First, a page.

Washington, D.C., October 12, 2013
Archived - Statement Prepared for the Development Committee of the Boards of Governors of the World Bank and International Monetary Fund
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The Honourable Jim Flaherty, Minister of Finance for Canada, on behalf of Antigua and Barbuda, the Bahamas, Barbados, Belize, Canada, Dominica, Grenada, Guyana, Ireland, Jamaica, Saint Kitts and Nevis, Saint Lucia, and Saint Vincent and the Grenadines
On behalf of our constituency, I want to begin by thanking President Kim for his strong leadership of the World Bank Group over the first year of his presidency.
Last Spring, Governors established ambitious goals of ending extreme poverty by 2030 and boosting shared prosperity. These are challenging and worthy goals. President Kim is now proposing a strategy to position the institution to deliver on these two goals. I am very supportive of the proposed approach, recognizing that it will take time and concerted effort to refine and implement all of the key elements of the strategy.
Canada’s constituency stands ready to work with the World Bank Group on the new strategy, confident that it will enhance the institution’s focus and effectiveness in addressing the development challenges of today and tomorrow, including those of the Caribbean states we represent.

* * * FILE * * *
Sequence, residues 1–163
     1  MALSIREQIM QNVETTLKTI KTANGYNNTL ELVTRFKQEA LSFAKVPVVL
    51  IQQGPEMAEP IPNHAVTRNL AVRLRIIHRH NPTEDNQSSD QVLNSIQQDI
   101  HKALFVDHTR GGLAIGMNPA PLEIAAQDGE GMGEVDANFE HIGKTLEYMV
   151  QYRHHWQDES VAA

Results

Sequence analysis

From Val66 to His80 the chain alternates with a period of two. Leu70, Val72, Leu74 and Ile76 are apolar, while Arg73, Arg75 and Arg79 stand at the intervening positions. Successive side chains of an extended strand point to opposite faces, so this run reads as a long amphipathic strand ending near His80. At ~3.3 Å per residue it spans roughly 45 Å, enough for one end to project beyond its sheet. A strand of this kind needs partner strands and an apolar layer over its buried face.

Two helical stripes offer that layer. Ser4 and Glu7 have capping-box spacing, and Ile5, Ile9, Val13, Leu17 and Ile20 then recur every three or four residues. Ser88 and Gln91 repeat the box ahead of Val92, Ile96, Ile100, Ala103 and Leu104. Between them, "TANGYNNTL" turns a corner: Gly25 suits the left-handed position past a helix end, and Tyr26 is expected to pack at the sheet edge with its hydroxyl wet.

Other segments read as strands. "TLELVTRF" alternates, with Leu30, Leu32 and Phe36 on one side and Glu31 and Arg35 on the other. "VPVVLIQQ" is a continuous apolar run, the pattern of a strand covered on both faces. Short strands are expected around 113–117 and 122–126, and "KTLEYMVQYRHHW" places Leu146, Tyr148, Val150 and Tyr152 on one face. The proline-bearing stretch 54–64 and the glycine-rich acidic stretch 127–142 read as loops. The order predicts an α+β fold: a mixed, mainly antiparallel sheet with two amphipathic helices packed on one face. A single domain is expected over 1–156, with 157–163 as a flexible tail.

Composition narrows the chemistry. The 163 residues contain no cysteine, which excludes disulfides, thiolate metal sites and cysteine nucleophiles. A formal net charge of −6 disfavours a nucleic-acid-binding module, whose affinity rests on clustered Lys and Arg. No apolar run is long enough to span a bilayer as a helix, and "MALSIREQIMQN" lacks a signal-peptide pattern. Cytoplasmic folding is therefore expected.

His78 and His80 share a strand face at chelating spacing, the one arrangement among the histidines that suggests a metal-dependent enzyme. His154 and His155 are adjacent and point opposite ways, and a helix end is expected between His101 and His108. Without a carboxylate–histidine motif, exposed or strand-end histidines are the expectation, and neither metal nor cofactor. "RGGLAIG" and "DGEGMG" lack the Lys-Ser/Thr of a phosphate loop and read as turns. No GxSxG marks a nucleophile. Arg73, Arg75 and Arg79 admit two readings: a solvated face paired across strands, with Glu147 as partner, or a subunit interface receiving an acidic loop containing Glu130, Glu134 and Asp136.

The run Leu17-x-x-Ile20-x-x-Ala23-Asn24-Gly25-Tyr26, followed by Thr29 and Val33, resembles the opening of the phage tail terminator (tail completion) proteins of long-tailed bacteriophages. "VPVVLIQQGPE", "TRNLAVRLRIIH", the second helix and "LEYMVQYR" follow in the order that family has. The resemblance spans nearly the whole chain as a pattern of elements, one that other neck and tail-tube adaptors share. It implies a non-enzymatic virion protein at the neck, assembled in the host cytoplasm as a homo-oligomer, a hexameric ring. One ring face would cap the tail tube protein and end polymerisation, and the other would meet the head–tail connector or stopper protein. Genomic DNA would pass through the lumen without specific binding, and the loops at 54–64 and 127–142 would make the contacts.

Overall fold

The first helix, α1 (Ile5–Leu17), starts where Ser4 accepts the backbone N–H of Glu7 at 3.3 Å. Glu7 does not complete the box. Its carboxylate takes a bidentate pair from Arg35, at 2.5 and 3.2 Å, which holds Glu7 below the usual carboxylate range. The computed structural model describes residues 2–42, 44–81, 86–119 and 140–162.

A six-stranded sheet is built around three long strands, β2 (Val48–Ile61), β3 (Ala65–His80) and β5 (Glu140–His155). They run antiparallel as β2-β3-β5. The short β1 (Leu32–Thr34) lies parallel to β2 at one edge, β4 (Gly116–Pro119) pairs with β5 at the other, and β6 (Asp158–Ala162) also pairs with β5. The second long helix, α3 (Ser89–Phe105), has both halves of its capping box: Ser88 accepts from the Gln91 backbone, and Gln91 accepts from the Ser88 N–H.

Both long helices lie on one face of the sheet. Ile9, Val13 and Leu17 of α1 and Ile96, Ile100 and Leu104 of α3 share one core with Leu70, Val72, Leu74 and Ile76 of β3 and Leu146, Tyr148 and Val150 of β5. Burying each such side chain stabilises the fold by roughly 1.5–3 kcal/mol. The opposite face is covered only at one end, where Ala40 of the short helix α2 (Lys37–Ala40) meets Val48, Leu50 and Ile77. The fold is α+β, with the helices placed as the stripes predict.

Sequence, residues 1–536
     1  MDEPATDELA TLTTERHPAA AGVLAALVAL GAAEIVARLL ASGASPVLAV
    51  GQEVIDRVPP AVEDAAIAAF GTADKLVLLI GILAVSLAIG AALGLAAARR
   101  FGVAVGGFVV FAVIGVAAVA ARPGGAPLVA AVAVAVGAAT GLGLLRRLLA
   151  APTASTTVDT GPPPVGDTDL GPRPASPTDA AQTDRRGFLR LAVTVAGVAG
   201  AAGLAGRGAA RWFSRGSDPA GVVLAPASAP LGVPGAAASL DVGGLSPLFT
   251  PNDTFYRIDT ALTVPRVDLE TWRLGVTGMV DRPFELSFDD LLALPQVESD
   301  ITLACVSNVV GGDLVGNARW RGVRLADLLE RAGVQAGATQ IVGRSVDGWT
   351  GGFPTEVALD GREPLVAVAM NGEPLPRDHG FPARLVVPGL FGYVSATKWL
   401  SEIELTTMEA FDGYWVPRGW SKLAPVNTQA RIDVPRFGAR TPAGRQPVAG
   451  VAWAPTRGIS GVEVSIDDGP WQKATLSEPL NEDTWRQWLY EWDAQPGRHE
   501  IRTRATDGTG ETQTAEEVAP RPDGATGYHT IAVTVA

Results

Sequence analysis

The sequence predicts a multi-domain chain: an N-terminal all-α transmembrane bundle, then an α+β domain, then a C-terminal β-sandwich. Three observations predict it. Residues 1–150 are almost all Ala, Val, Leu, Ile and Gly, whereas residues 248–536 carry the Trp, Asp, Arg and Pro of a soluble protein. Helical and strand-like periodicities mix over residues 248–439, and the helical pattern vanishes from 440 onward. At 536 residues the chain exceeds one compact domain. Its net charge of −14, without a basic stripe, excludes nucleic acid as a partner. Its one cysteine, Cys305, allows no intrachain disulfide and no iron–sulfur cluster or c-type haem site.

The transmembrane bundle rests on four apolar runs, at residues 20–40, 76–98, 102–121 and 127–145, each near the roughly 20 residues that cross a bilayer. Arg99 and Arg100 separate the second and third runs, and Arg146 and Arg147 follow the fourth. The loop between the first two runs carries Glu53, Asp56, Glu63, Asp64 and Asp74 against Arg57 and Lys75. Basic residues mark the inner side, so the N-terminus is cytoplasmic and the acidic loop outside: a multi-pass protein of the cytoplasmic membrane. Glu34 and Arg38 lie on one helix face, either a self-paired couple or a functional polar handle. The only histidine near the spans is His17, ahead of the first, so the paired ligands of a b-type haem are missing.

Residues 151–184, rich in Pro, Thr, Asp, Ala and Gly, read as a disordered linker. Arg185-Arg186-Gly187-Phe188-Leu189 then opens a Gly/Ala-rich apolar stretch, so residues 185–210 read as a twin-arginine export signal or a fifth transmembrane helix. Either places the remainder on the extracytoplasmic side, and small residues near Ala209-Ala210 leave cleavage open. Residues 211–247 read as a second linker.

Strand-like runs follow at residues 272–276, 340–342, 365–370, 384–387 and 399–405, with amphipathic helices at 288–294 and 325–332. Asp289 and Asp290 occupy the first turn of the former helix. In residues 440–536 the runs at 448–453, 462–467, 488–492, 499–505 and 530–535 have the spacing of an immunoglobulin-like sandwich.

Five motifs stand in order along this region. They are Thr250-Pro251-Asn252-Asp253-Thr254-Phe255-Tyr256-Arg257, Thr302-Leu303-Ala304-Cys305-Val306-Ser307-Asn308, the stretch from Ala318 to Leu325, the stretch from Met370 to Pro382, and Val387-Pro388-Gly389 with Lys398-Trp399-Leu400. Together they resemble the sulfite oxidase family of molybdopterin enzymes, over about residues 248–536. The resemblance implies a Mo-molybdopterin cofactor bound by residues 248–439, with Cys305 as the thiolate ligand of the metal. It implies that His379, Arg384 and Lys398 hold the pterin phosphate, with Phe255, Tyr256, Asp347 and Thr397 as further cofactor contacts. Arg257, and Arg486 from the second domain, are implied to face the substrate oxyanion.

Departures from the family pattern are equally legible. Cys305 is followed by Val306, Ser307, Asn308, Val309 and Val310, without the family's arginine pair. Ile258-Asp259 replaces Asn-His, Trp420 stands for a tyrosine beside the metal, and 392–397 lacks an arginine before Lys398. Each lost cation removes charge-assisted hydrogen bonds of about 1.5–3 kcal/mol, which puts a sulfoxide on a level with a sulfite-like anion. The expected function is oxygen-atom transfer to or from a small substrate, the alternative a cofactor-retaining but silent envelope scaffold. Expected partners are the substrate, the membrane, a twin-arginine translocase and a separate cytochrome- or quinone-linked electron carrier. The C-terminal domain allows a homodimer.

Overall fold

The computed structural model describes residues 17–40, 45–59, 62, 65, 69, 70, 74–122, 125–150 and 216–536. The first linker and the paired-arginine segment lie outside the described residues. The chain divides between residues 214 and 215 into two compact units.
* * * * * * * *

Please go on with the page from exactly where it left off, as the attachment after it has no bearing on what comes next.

We strongly support the planned move to One World Bank Group in order to increase systematically collaboration efforts across the International Development Association (IDA), International Bank for Reconstruction and Development (IBRD), International Finance Corporation (IFC) and Multilateral Investment Guarantee Agency (MIGA). Working as One World Bank Group will allow us to better leverage the strengths of each agency and contribute to breaking down silos within the institution. In order to do so, we call upon the World Bank Group to harmonize and intensify its efforts in several key areas:
First, engaging and leveraging the private sector to reduce poverty and boost prosperity, together with our constituency and other stakeholders. The development architecture has fundamentally changed. Reducing poverty and promoting prosperity require effective partnerships that cut across issues, challenges and sectors—and these partnerships must include the private sector. This means creating the business environment necessary to attract investment and facilitate trade; unleashing the potential of entrepreneurs in developing countries to drive growth and create jobs; and investing in people to take advantage of growth opportunities.